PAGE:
Thursday, December 2, 2010


As one of their choices of writing pieces in our workshop, some students are working on their science fair project introductions. As usual, my role is to confer with them and make editorial suggestions. The style required for this type of writing is new to them, and some of them are finding it a challenge to compose in third person, passive voice, without contractions.

Tougher still for some is synthesizing the information that they have gathered in their research. For one thing, as eleven-year-olds, they don't have the level of general knowledge they need for an accurate internal fact checker, and so in the past few days I have read some outrageous scientific claims, for example that chewing gum is made of rubber and petroleum and pills are made from the crushed leaves and bark of trees.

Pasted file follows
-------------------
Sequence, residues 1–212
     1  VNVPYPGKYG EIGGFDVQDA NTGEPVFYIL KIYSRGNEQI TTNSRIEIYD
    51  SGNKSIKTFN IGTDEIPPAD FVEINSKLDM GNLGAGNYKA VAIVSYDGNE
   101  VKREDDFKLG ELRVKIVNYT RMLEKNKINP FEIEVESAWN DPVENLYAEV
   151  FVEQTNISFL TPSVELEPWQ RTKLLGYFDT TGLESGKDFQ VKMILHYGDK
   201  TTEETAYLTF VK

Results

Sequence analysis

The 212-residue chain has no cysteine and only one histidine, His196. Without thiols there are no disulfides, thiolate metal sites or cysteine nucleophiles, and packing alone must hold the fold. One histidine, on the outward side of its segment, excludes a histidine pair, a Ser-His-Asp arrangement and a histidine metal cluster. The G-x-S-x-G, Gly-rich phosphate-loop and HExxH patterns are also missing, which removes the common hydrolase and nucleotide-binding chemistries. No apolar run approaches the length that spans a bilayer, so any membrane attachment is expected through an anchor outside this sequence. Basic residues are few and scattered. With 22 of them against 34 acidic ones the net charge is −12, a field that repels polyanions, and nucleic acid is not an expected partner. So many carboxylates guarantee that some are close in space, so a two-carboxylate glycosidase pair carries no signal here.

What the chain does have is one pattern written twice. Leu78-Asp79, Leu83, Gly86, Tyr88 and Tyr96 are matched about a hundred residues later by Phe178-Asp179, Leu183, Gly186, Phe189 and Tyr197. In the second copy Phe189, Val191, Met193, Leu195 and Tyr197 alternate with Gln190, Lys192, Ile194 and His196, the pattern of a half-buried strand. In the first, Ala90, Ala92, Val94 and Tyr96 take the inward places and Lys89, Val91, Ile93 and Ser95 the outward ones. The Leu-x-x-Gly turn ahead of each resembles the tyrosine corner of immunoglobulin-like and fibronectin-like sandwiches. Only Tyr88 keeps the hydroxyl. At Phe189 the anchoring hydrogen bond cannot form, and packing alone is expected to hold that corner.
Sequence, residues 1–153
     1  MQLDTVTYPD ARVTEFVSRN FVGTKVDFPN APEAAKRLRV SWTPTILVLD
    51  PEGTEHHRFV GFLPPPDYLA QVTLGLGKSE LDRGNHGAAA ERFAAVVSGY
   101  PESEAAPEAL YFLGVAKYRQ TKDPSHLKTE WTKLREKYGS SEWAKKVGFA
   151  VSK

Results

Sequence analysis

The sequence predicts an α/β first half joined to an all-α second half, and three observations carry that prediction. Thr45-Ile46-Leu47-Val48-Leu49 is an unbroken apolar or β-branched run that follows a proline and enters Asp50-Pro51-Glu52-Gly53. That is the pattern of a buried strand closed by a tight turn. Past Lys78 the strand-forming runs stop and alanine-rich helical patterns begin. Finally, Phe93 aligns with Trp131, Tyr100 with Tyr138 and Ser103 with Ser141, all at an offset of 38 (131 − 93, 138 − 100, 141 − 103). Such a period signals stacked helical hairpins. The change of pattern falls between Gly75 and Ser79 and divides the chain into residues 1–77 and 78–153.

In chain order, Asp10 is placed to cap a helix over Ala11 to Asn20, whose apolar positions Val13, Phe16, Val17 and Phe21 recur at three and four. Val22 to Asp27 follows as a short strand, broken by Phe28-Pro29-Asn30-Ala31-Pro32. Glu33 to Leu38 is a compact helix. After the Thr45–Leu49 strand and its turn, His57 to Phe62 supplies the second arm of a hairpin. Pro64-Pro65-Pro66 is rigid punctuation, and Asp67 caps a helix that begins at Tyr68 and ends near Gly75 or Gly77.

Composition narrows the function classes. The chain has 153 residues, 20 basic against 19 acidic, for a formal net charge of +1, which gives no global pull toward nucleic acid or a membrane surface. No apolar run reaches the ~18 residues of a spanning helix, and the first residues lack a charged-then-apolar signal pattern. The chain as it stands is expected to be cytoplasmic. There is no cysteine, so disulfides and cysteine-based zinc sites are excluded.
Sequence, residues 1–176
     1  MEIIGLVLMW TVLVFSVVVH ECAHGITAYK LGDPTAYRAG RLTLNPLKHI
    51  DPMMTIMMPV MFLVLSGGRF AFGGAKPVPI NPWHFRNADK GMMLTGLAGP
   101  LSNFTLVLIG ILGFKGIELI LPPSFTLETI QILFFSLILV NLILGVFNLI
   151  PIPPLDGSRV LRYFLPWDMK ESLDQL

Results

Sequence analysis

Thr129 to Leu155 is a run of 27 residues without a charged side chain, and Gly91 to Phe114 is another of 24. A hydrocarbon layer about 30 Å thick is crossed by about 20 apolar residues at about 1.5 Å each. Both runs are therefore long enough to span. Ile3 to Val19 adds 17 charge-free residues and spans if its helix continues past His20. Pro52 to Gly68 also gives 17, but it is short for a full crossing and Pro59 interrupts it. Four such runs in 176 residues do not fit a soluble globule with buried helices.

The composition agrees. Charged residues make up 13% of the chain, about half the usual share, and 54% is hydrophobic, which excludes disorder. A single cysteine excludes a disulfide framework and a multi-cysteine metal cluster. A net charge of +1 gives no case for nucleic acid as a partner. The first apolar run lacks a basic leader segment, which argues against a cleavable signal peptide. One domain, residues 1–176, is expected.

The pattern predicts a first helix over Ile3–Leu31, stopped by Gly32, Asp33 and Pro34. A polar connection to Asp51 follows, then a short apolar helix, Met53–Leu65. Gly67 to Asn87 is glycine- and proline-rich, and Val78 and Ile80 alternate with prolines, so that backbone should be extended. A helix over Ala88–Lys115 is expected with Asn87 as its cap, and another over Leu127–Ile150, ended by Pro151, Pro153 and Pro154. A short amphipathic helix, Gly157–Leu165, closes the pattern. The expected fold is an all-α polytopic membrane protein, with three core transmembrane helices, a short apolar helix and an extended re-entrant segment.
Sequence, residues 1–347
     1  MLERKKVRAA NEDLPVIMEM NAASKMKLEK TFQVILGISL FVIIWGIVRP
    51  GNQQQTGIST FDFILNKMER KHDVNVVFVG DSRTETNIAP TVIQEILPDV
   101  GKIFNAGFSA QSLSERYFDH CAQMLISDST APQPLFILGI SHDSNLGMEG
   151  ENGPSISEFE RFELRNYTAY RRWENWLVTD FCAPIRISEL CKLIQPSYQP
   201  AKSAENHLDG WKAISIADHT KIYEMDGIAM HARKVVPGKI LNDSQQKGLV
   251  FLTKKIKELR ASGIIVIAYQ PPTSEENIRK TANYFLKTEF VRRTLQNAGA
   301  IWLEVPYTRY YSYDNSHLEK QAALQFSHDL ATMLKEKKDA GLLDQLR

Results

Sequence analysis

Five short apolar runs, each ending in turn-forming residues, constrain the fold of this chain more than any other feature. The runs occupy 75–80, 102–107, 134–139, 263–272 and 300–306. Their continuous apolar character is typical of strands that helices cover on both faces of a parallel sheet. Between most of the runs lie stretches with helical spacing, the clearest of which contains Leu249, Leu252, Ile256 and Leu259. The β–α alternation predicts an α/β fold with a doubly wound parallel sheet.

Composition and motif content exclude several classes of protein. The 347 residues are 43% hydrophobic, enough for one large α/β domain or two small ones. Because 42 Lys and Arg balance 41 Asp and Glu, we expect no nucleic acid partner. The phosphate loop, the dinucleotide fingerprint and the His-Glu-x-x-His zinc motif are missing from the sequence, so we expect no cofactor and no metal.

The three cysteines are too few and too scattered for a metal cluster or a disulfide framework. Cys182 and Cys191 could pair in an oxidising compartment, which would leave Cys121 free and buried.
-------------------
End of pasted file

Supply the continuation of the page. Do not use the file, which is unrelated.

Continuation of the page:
I understand the kids will make mistakes like this on their first attempts at such a complex task, but here's what I don't get: when I tell them that they are wrong, they are incredulous and even belligerent. "How do you know?" one student asked me indignantly. "You're an English teacher."

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